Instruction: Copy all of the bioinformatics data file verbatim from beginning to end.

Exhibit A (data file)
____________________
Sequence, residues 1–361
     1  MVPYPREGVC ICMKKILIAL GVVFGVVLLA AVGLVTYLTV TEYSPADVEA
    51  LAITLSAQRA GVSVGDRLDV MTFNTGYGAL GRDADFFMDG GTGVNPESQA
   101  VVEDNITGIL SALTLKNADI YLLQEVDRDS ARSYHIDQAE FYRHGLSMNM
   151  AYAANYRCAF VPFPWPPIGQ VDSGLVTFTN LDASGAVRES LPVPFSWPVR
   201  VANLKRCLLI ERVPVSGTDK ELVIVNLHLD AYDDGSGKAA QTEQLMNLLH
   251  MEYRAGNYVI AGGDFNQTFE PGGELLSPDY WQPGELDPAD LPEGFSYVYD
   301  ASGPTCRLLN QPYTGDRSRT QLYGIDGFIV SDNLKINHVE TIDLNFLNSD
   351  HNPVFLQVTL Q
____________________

Sequence, residues 1–361
     1  MVPYPREGVC ICMKKILIAL GVVFGVVLLA AVGLVTYLTV TEYSPADVEA
    51  LAITLSAQRA GVSVGDRLDV MTFNTGYGAL GRDADFFMDG GTGVNPESQA
   101  VVEDNITGIL SALTLKNADI YLLQEVDRDS ARSYHIDQAE FYRHGLSMNM
   151  AYAANYRCAF VPFPWPPIGQ VDSGLVTFTN LDASGAVRES LPVPFSWPVR
   201  VANLKRCLLI ERVPVSGTDK ELVIVNLHLD AYDDGSGKAA QTEQLMNLLH
   251  MEYRAGNYVI AGGDFNQTFE PGGELLSPDY WQPGELDPAD LPEGFSYVYD
   301  ASGPTCRLLN QPYTGDRSRT QLYGIDGFIV SDNLKINHVE TIDLNFLNSD
   351  HNPVFLQVTL Q